Inspiring Finds in American Malls

The other day, I was wandering around the mall (and applying all of these green tips- including parking in the back of the lot despite the rain).  There were a lot of American stores that I was completely unfamiliar with – Crate and Barrel, West Elm, Z Gallery, Anthropologie… I only know they existed because people in the US used to email me when we were in Germany.  They wanted to know how I could stand being away from these breath taking stores.  Of course, you can’t miss something that you’ve never experienced.  We used to drive over a hundred miles just to hit up Costco when I grew up.  The lack of shopping does wonders for a simple life!

Still, I decided to venture into two stores I’d heard so much about: Anthropologie and Crate and Barrel.  I know, I know.  Stone Age Katie.

We could have used a Crate and Barrel in Berlin.  My taste in accessories is very American because I like a lot of color (here’s our reeeeally bright dishes in Berlin), and Crate and Barrel is filled with a very American display of brightly colored everything.  My eyes had to adjust from the relatively black and white shopping in Germany.  When they did, I picked up one thing:

baking cups

These silicone baking cups could be a great way to reduce our paper waste if we can use them over and over for years to come.  They were on clearance, and I know I can wedge these into my suitcase back to Germany in a few months.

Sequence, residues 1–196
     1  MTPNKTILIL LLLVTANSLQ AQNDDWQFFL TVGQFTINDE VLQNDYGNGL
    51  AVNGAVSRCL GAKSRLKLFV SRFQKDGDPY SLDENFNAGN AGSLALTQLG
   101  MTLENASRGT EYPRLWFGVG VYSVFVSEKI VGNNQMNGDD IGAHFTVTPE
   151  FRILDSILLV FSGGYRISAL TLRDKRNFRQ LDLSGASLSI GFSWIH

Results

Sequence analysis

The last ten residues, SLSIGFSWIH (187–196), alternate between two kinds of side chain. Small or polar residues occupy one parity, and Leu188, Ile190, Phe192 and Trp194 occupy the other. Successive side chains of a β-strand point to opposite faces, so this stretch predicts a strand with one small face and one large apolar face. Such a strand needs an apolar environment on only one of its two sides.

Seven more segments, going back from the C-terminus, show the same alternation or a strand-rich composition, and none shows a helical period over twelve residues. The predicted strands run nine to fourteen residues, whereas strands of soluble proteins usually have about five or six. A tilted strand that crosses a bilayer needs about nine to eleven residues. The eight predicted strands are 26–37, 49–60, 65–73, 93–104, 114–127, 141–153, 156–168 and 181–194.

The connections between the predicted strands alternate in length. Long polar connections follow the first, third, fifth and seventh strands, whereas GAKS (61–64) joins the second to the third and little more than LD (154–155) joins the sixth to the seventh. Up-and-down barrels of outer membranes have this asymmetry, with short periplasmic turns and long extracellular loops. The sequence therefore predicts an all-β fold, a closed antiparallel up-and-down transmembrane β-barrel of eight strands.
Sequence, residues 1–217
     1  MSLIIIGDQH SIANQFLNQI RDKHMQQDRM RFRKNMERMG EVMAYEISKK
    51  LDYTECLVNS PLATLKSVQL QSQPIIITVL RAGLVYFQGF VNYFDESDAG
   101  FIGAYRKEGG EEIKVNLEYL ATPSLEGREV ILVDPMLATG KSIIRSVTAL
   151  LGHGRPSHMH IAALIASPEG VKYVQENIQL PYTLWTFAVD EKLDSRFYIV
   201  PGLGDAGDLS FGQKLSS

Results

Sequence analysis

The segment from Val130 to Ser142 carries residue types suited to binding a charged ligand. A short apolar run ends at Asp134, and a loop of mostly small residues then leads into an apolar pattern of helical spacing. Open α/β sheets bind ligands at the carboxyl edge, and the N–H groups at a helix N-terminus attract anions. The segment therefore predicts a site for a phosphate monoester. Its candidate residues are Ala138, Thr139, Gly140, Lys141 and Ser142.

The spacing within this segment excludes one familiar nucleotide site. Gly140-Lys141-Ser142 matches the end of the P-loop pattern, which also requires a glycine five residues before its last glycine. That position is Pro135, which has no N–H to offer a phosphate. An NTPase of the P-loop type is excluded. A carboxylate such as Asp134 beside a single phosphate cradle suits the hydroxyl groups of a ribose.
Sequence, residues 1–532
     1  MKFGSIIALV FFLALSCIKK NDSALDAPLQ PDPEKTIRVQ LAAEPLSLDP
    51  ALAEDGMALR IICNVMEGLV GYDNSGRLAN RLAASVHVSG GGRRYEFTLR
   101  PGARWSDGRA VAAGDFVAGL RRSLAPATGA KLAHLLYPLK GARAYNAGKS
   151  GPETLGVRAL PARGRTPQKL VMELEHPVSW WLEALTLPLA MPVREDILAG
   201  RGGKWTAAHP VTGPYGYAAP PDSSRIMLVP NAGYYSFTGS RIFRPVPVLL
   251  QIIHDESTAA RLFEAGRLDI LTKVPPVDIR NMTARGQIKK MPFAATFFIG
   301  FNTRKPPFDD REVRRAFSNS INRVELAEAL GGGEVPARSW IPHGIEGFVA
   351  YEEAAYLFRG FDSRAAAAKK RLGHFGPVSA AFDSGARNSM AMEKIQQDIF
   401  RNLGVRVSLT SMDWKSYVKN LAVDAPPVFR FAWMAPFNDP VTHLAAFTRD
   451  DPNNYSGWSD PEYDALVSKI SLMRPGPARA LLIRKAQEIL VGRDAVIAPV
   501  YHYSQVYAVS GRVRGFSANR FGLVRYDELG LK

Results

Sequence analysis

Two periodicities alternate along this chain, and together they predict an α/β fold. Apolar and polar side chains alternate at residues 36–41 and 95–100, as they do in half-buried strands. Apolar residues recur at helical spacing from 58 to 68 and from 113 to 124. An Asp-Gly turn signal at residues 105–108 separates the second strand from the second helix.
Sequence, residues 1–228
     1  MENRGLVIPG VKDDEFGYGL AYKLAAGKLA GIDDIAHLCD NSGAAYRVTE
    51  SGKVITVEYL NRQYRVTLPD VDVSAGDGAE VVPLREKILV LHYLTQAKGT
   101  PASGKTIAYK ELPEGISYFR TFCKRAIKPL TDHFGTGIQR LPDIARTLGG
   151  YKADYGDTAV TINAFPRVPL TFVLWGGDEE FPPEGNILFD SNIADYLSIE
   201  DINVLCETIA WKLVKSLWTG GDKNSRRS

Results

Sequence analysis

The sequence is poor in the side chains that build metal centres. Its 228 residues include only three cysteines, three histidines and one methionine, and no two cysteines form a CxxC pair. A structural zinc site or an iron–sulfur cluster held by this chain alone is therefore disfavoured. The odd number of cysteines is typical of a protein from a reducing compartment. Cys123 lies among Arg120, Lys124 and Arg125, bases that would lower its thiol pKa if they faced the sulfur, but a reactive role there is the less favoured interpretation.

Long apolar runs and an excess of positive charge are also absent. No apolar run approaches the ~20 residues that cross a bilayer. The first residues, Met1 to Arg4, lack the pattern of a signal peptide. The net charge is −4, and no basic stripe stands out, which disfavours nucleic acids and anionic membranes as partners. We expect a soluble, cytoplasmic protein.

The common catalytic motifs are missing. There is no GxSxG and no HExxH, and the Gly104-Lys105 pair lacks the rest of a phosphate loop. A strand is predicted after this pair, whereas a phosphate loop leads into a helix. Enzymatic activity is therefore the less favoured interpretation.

Then I went to Antropologie.  And I hope I can wedge my one Anthropologie purchase into my bag, too.  (Yes, I am already thinking about what I really want to bring back to Germany like every expat does when she’s back home.)  I picked a porcelain bird that pours sugar out of its mouth.  Dorky?  Maybe.  It’s also so perfect for those recipes that call for a tablespoon or two of sugar.  Pulling an entire container of sugar out of our drawers of food or keeping a little snack bowl on the counter were both a pain.  We needed a sugar bowl, and this little guy was just begging to be The One:

cheep cheep


Now when people ask me how I survive in Germany (or the countryside for that matter) without stores like these, I can show my treasure.  I might as well mention that Martin and I had never even heard of IKEA until I stumbled on this blog about an American who was living in Germany at the time.  I’ve never even seen an IKEA in the US, and I’m perfectly okay with that.

So to all my rural readers, this one’s for you.

We shared our first experience in IKEA here.  It was on the day we arrived in Germany. 

(Images for Making This Home)